While many believe the patent system has hit a historic and unprecedented low, discontent with patents is nothing new. In 1966, a Presidential Commission recommended prohibiting software patents because of the PTO’s inability to vet them. In 1883, the Supreme Court railed against “speculative schemers who make it their business to watch the advancing wave of improvement and gather its foam in the form of patented monopolies, which enable them to lay a heavy tax.” In the past two patent crises that bear the greatest resemblance to the present day, in the late 1800s, farmers were sued by “patent sharks” en masse over their use of basic farming tools that were covered by scores of patents. Railroads found themselves under attack as well, by competitors and patent speculators, who benefited from a patent damages doctrine called the doctrine of savings. In short, the problems that now confront the patent system are well-known. What is less well-known, however, is that many of the very reforms being considered—abolishing certain types of patents, fee-shifting, and increasing maintenance fees for example—have been called for and in many cases tried before, under similar and different conditions. During this historic moment, what can the past teach the present and the future about how to solve the software patent crisis? Based on my research, quite a lot.
After three decades of chaos, the functional design patents that caused the agrarian patent crises were “abolished” according to a recent account. This did not happen by changing § 101 of the patent law but rather by tweaking the standards for granting a design patent. In the case of railroad patents, tweaks to the law and court leadership was key. So was industry organization, and collective action, in resolving the crisis. In both cases, history teaches away from broad based legislative reform and towards narrowly tailored incremental reform with lessons for today.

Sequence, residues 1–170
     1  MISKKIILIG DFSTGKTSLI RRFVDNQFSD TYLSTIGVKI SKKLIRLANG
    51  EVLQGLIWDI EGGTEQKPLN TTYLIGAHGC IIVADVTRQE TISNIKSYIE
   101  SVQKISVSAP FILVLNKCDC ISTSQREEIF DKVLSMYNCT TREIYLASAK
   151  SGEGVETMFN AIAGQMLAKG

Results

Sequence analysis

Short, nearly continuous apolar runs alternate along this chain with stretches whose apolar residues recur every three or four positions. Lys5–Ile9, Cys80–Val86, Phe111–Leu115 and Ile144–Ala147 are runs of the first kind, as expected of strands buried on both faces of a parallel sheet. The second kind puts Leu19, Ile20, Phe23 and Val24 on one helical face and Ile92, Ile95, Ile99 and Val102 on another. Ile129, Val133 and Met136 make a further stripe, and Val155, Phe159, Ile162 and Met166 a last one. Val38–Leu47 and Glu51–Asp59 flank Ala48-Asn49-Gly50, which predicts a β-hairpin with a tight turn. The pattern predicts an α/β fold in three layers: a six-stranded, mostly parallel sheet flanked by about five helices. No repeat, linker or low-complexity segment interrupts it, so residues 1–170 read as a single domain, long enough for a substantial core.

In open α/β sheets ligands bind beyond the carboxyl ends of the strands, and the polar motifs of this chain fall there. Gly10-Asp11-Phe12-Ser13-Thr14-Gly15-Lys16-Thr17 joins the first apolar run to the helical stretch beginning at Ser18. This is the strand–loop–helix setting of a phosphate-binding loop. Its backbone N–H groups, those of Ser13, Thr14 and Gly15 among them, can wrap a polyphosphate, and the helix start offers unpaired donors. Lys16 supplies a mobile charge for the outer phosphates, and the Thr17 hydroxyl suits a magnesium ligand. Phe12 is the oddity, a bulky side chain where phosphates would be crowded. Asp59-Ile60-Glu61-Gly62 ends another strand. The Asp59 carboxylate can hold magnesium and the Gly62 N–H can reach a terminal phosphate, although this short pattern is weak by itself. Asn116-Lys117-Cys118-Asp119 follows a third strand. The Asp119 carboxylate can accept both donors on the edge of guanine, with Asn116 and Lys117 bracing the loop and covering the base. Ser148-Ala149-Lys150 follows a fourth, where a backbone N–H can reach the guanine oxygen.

For example, rather than trying to enact an independent invention defense, patent reformers could consider bolstering protection for users, which are in some situations protected in other countries and in the U.S. in the case of medical method patents, by encouraging courts to stay cases brought against them rather than the manufacturer. In addition to pushing for new changes to the law, modern day patent targets could better use industry organizations and collective action in their favor to pool information and prior art and capture economies of scale in taking advantage of the multiple ways a patent can be challenged after issuance. These and other suggestions and available historical and empirical evidence about what has been tried, what has worked, and what has not, are detailed in this paper.